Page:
This paper is a qualitative study of metaphors at the levels of lexico-encyclopedic conceptual (LEC) metaphors (Johansson Falck 2018, forthc.) in nineteenth-century medical records of tinnitus and hearing disorders by English-speaking (the UK and the US) practitioners. Metaphor is essential for the linguistic and conceptual expression of illness (Semino 2008: 175) and, as we observe, remains endemic for the description of tinnitus in medical records. Our primary aim is to identify the metaphors used to describe the sounds of tinnitus, the kinds of experiences involved in these metaphorical conceptualizations and the cognitive and affording presence of tinnitus metaphors. The results suggest that metaphor provides a framework for the analogical reasoning about tinnitus and the methods of its treatment. Nineteenth-century accounts of ear diseases reference the sounds of biological and non-biological natural categories, transport and industrial sounds, the sounds of domestic interiors and music.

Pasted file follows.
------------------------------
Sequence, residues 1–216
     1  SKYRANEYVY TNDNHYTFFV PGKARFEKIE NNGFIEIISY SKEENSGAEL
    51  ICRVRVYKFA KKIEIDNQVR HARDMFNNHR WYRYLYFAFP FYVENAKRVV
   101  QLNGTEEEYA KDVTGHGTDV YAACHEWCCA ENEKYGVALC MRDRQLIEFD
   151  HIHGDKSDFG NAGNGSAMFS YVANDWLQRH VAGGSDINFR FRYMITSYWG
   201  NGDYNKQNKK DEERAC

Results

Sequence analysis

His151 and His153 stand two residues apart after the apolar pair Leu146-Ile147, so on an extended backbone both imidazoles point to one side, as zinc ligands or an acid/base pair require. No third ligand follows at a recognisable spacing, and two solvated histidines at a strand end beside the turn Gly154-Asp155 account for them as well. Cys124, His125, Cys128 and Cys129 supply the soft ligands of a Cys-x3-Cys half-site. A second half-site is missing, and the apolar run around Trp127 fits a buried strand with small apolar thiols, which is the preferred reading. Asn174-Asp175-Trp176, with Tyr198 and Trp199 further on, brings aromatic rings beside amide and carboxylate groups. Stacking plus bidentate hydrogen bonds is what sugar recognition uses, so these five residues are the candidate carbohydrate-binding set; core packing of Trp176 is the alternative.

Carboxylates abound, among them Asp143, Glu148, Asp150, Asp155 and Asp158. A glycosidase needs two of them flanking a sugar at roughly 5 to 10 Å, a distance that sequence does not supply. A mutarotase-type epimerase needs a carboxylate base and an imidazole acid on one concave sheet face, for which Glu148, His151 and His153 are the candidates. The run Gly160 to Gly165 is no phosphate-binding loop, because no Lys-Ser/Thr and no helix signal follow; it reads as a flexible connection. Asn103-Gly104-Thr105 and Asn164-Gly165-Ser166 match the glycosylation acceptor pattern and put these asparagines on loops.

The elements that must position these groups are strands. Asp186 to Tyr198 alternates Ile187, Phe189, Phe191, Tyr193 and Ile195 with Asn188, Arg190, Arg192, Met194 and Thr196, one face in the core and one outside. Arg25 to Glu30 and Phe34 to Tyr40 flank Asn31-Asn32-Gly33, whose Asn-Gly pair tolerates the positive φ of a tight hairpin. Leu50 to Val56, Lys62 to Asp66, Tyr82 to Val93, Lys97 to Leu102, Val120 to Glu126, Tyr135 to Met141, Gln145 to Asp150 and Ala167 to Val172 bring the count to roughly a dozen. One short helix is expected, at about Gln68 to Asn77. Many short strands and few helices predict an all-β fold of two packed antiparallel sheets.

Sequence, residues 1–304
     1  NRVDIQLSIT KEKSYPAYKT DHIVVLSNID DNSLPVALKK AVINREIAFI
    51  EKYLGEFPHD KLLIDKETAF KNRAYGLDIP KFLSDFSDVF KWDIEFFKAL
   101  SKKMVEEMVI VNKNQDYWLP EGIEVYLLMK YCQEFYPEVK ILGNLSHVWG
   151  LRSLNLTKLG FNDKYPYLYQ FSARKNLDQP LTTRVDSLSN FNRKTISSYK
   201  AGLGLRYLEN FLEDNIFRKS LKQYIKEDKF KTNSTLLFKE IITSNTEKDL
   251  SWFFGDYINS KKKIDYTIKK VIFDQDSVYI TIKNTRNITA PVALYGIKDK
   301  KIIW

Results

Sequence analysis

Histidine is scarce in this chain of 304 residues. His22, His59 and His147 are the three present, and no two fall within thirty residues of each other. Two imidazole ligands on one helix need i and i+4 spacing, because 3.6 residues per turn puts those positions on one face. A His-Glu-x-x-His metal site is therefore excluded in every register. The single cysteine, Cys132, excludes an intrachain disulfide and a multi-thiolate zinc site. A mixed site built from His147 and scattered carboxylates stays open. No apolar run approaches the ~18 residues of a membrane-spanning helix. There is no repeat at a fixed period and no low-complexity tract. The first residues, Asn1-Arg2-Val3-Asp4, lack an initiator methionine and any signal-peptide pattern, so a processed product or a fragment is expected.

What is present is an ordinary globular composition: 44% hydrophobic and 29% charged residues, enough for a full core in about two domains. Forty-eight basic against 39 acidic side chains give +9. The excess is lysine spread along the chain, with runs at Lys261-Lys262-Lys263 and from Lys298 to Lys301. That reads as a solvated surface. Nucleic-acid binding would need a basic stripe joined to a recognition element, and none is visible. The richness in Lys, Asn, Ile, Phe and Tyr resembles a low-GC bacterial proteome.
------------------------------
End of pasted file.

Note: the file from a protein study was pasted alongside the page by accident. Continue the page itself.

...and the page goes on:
Metaphorical descriptions of tinnitus sounds connect with the affordances of the environment (Gibson 2015) and are inherent to the location and occupation of the patient. As our findings support the historical explorations of tinnitus accounts, they make it possible to contribute to our current understanding of tinnitus by highlighting the importance of a patient-centered approach and establishing the significance of metaphor analysis in tinnitus studies.